This June, Sri Sri visited Kashmir again, met Mirwaiz at his home. A few years ago he also reportedly shared the stage at an event with Syed Ali Geelani.

On June 12, the AoL founder tweeted: “Met with Mirwaiz Umar Farooq, Hurriyat Leader & heard his perspective of the situation in Kashmir”. Sri Sri also met J&K Governor N N Vohra and the BJP’s Deputy Chief Minister Nirmal Singh.

“Guruji has been coming to Kashmir since 1998 and has been trying to help bring peace here. He has been talking to people here,” said Sondhi, the AoL representative who is a Kashmiri Pandit associated with the organisation for the last 24 years.

Having started operations in J&K in 1994, AoL claims it has “launched several initiatives aimed not only at restoring peace, but also at alleviating the suffering of people”. For instance, it claims that its youth leadership training programmes — to turn “misguided youth into physically strong, mentally alert and morally responsible individuals” — have covered about 2,200 people from 12 districts.

Along with International Association for Human Values, a sister organisation, AoL has been running seven specific programmes in the Valley: “Peace Initiative and Conflict Resolution, Prisoners SMART (Stress Management and Rehabilitation Training), Trauma Relief and Disaster Management, Rural Development, Schools for Underprivileged, Woman Empowerment and Environmental Awareness”.

According to Sondhi, the organisation works closely with the government, and the Army and paramilitary forces, “running campaigns to build trust among surrendered militants and enlist the locals in initiatives like the Indian Army’s Sadbhavna programme”.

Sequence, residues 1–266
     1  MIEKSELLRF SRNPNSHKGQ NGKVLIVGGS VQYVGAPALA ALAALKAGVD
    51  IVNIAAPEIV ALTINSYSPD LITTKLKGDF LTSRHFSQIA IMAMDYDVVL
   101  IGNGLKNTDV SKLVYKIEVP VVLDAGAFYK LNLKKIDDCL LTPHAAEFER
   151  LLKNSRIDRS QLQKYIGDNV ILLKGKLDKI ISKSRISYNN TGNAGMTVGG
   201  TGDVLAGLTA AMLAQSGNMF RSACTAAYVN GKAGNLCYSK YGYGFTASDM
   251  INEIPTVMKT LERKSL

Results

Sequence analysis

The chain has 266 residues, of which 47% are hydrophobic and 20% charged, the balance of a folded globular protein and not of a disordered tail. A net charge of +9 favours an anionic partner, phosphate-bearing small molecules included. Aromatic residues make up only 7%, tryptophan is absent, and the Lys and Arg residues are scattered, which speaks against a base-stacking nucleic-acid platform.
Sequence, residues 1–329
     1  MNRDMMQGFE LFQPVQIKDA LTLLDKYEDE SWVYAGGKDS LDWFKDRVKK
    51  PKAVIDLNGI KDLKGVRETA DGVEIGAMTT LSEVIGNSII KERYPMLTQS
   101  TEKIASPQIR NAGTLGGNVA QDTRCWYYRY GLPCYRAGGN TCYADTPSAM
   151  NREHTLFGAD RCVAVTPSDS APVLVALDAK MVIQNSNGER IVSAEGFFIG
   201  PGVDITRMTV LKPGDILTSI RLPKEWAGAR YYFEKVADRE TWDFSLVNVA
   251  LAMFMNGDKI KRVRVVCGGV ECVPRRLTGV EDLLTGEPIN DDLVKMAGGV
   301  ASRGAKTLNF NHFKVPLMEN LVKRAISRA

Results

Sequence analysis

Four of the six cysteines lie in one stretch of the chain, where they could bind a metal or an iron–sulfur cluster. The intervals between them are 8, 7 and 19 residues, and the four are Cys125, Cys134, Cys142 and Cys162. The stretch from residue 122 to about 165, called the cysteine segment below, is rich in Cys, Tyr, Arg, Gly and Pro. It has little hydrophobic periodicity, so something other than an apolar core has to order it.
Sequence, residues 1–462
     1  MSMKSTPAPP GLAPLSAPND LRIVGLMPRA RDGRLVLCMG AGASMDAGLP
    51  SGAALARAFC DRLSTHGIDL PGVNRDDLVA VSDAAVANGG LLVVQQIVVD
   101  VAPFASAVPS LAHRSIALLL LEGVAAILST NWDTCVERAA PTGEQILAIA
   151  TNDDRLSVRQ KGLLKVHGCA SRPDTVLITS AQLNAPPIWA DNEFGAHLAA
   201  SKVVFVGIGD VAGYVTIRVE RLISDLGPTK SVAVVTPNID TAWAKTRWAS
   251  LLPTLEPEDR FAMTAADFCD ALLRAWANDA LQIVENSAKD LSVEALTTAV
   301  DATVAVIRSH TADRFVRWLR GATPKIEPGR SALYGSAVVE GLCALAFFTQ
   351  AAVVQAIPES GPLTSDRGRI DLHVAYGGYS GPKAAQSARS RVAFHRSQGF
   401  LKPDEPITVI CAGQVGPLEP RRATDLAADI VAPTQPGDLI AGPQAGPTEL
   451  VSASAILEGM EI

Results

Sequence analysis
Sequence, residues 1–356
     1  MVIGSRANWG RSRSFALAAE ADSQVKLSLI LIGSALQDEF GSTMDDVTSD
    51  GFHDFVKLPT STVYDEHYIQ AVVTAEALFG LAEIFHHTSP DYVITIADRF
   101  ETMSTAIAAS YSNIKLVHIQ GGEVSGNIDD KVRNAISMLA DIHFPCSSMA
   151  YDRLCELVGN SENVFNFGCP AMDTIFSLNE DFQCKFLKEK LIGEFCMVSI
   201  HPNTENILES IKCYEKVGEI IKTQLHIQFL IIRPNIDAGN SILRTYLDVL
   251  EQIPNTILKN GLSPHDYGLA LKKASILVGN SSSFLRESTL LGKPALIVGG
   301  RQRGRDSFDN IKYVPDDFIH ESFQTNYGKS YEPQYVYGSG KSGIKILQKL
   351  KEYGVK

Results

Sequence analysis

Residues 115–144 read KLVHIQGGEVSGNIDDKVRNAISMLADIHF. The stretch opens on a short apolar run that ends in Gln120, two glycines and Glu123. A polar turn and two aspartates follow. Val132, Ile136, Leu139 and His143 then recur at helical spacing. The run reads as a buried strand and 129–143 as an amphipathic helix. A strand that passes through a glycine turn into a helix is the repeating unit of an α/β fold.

“Army and BSF men are here primarily to earn their livelihood and the people are hostile to them. They live with a lot of stress,” said Sondhi. “Guruji is also an important member of Shri Amarnath Shrine Board. The J&K government has made him a member,” she said.

Recalling their work in the initial days when “militancy was at its peak” — the first AoL session had 20 people — Sondhi said that “even a few militants” were part of one training camp in Sonmarg. “If a person attends our programme, he will give his life but would never take anybody else’s life… We don’t talk about any religion in Kashmir, and the discourse is based on human values,” she said.

According to her, Sri Sri takes a keen interest in “making militants in prisons give up their violent past” and has “met with more than 300 convicted militants in the high-security Kot Balwal” jail in Jammu. “The militants, too, are under a lot of stress… Their families go through a lot. And they know they will be killed. We wish to help them as well, she said.

One such initiative was set up on land provided by the government – an orphanage and school called Apna Ghar. “The government provided us with a building in Shivpora (Srinagar) where we had 127 children, many of them of slain militants,” said Sondhi. The project was halted after seven years, she said, when the building was destroyed in the floods of 2015.